122. Wang C, Lu J, Zhou L, Li J, Xu J, Li W, et al. Effects of Long-term exposure to zinc oxide nanoparticles on development, zinc metabolism and biodistribution of minerals (Zn, Fe, Cu, Mn) in mice. PLoS One. 2016;11(10):e0164434.

    Article  CAS  PubMed  PubMed Central  Google Scholar 

Download references


The authors specially thank with appreciation Prof. Dr. Nabila E. El Sheikh chief researcher in AHRI, Tanta lab.for providing the facilities and the technical support to use Fluorometer device in this study. The authors specially thank with appreciation Prof. Dr. Abd El Hafeez MM at AHRI, Assiut lab. For assisting in the scientific reviewer of the research.


Open access funding provided by The Science, Technology & Innovation Funding Authority (STDF) in cooperation with The Egyptian Knowledge Bank (EKB).

Author information

Authors and Affiliations



Dalia Elmasry: responsible for preparation, characterization and cytotoxicity assay of nanomaterials, Metals residual and ochratoxin residual in tissues. Nagla F. Al Shap and Eman M. El. El-Sherbeny: responsible for performing liver and kidney functional tests, hematological, antioxidant, immunomodulatory activity (macrophage phagocytic nitric oxide (NO) activity) and expressing serum biochemical test. As well, responsible for sampling collects and follow up the experiment. All authors responsible for experimental design, writing research paper. The author(s) read and approved the final manuscript.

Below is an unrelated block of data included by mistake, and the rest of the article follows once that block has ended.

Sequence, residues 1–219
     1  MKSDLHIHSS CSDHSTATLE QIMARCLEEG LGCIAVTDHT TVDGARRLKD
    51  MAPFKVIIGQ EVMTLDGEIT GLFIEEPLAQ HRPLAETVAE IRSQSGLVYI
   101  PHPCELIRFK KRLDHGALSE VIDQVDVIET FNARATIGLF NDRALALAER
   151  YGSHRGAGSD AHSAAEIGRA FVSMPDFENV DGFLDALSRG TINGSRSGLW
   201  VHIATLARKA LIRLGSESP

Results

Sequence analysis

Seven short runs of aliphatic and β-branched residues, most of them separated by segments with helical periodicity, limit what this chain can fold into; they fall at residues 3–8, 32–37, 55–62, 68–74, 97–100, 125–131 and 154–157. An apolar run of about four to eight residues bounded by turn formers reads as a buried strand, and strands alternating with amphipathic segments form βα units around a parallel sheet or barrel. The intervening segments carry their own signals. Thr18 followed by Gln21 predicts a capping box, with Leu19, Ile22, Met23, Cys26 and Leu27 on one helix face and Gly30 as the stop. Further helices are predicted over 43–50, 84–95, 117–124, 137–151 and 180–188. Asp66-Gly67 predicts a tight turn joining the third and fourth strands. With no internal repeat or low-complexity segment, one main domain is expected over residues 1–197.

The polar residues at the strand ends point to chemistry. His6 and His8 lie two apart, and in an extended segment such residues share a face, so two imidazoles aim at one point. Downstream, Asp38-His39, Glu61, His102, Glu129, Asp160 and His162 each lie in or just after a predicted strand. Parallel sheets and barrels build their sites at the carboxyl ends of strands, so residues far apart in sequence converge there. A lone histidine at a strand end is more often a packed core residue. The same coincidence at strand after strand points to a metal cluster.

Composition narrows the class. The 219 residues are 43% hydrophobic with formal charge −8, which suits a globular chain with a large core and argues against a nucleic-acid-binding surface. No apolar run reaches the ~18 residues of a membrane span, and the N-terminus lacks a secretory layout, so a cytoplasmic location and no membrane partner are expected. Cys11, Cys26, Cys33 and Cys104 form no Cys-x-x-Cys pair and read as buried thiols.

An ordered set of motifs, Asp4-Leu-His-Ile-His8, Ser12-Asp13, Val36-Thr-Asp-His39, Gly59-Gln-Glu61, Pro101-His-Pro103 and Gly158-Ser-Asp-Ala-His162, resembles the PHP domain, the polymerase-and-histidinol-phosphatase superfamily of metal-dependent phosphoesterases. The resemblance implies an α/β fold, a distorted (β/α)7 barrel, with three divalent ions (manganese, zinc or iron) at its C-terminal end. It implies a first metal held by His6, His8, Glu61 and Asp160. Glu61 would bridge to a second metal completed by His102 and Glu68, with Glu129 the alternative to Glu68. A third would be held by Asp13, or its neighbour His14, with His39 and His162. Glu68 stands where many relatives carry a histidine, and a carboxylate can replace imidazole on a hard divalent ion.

Corresponding author

Correspondence to Dalia M. A. El Masry.

Ethics declarations